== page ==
‘Net zero’ banks continue to finance oil & gas expansion, ignoring climate scenarios, and posing huge risks to investors
The International Energy Agency is clear: net zero means no new oil & gas projects. Yet, banks continue to pump billions into companies expanding these operations, representing a lose-lose situation for both them and their investors.
Europe’s largest banks have ploughed some US$400 billion into companies expanding oil & gas production since 2016.
This is not only bad news for the climate, but also presents a huge risk for banks and their investors.
Bank’s continued love affair with oil & gas flies in the face of the warnings from the International Energy Agency (IEA) – the world leading energy authority – which just last year warned there was no room for new oil & gas fields if we are to keep the world to 1.5C warming.
Not only this, it also flouts these bank’s own public commitment to the Net Zero Banking Alliance (NZBA) – an alliance of banks pledging to meet net zero emissions by 2050.
In fact, NZBA members provided at least £33 billion in financing to the top upstream oil & gas expanders since they joined the alliance last year. More than half of this was provided by four founding signatories: Barclays, BNP Paribas. Deutsche Bank, and HSBC.
The worst offenders
As detailed in our latest report ‘Oil & gas expansion: a lose-lose bet for banks and their investors’, these founding members still top the charts when it comes to financing oil & gas companies exploring new reserves and expanding production.
HSBC for example, provided US$59 billion to top expanders such as Exxon Mobil, Pemex, and Saudi Aramco. Barclays meanwhile pumped $48 billion into companies with the biggest expansion plans. Exxon Mobil, Shell and BP received the most financing.
BNP Paribas, which has pledged to reduce lending to exploration and production activities, has also been exposed for its role financing oil & gas expansion companies – providing US$46 billion since 2016 and increasing financing by 16 per cent in 2021 compared to pre-pandemic levels. French peers Credit Agricole and Société Générale are also among the largest financiers.
Despite many banks making net zero commitments in 2021 or before, many have actually increased their fossil fuel expansion financing in 2021. These include Credit Suisse, ING, Intesa Sanpaolo, UBS, Nordea, and Danske Bank.
The IEA net-zero roadmap – a minimum standard for banks
In the IEA’s net zero scenario report, published last year, it made clear that there is no room for new oil & gas fields after 2021 if the world is to achieve net-zero emissions by 2050.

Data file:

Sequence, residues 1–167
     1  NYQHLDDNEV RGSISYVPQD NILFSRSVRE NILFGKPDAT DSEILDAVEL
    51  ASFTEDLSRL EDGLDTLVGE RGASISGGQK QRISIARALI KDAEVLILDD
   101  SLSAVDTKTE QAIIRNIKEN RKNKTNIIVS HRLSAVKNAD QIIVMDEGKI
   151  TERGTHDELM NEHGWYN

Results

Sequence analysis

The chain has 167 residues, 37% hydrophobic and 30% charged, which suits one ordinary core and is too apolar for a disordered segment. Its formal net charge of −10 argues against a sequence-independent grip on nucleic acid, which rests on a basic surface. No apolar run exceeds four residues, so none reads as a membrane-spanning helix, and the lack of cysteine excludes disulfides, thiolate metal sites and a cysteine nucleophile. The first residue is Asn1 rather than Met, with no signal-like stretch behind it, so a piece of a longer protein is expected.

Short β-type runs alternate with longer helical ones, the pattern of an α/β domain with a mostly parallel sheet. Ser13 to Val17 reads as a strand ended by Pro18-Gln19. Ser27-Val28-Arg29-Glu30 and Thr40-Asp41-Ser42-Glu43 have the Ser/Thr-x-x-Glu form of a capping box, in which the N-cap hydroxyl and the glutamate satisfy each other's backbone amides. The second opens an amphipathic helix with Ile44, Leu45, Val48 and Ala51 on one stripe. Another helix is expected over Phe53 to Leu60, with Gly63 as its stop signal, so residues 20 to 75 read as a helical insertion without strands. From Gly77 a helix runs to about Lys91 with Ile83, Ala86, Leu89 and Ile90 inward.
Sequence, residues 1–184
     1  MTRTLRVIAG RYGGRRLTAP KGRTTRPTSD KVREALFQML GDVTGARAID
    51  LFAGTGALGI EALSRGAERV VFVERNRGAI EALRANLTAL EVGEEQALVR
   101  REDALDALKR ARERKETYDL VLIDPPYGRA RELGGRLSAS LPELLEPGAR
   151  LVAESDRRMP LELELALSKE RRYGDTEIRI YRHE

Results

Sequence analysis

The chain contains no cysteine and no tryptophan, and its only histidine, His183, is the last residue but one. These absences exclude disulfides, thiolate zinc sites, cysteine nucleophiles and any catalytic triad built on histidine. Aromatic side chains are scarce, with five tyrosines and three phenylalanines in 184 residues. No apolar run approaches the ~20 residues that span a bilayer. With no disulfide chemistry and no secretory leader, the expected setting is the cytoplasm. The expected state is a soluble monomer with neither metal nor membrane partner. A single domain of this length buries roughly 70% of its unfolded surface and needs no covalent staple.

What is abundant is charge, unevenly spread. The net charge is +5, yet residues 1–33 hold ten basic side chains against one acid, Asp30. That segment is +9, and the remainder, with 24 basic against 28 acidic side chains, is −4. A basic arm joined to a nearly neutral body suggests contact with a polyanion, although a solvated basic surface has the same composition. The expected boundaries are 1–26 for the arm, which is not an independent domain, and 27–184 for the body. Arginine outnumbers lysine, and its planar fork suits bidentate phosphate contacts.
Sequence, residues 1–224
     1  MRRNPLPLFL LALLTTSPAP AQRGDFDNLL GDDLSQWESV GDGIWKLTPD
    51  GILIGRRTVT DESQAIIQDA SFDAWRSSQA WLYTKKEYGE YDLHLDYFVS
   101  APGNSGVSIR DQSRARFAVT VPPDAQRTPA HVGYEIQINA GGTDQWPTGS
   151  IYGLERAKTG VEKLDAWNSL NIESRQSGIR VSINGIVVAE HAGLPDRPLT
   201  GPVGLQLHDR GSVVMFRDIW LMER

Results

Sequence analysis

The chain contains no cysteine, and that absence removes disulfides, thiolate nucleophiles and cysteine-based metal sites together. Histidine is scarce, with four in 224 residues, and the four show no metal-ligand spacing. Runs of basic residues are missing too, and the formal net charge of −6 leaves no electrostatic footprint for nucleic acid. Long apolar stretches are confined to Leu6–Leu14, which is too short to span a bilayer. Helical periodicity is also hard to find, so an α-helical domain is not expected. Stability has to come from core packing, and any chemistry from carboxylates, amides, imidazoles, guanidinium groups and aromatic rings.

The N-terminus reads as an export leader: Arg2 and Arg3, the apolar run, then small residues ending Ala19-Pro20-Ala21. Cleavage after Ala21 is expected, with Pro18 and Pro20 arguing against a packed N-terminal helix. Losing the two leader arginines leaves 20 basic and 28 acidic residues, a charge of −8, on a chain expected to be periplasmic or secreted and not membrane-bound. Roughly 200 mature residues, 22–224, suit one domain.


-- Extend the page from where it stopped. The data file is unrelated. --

This was a ground-breaking announcement. But it should also be a minimum level of ambition for banks.
The NZE scenario only gives us a 50 per cent chance of keeping warming to 1.5C. It also makes unrealistic assumptions about the prospects of carbon, capture and storage (CCS) technologies, which are still unproven at the scale required to meet this ambition.
Yet the majority of banks are still not even close to the IEA’s recommendations.
This is a worrying signal to investors and the public about the legitimacy of European banks’ climate credentials.
Investors should not be fooled by lofty net zero claims
As banks continue to line up to make ambitious commitments to support the transition towards net zero, the devil will be in the detail. And sadly, banks don’t yet have the policies to reach their ambitions.
Just a handful of banks restrict financing for oil & gas projects, and even less restrict for companies that are expanding oil and gas production.
Out of 25 banks analysed, only Commerzbank, Crédit Mutuel, Danske Bank, La Banque Postale and NatWest have started restricting financing for oil & gas projects.
And just three banks Commerzbank, Crédit Mutuel, and La Banque Postale have also committed to restrict financing for companies with expansion plans.
This is an important distinction.
Our analysis found that some 92 per cent of finance to oil & gas companies comes from general-purpose corporate loans. These can be directed into any subsidiary or project the company likes.
As such this money can continue to go into helping the company expand its oil & gas production.
Project finance restrictions alone are meaningless.
It is time investors upped the pressure on banks’ fossil fuel addiction
The IEA is not the only authoritative body warning about the impacts of fossil fuel expansion. Last year the world’ leading climate science body - Intergovernmental Panel on Climate Change (IPCC) – reemphasised the climate threat, warning only rapid and drastic reductions in emissions this decade will prevent climate breakdown.
There is an increasing spotlight on oil & gas expansion.
What’s more, we’ve found that over 50 per cent of planned expansion comes from unconventional sources, including fracking, Arctic drilling, and oil sands.
These fuels come with higher environmental and climate impacts. But they also come with higher financial and reputational risks too.
If oil & gas demand decreases as climate action ramps up, prices will fall, and assets will become stranded.
If demand doesn’t fall, and the world surpasses the 1.5C guardrail, then the economy will have the face the several physical impacts of climate change.
Either way, value will be destroyed for energy companies, banks and their investors.
It is a lose-lose situation.
We urge investors to make full use of their shareholder rights at banks to prevent these risks from becoming a reality. We expect to see an increase in investors voting for robust shareholder resolutions, engaging with banks at their AGMs and voting against inadequate company transition plans that do not align with 1.5C.
In doing so, they will not only be protecting their own future, but that of our planet and society.
From Share Action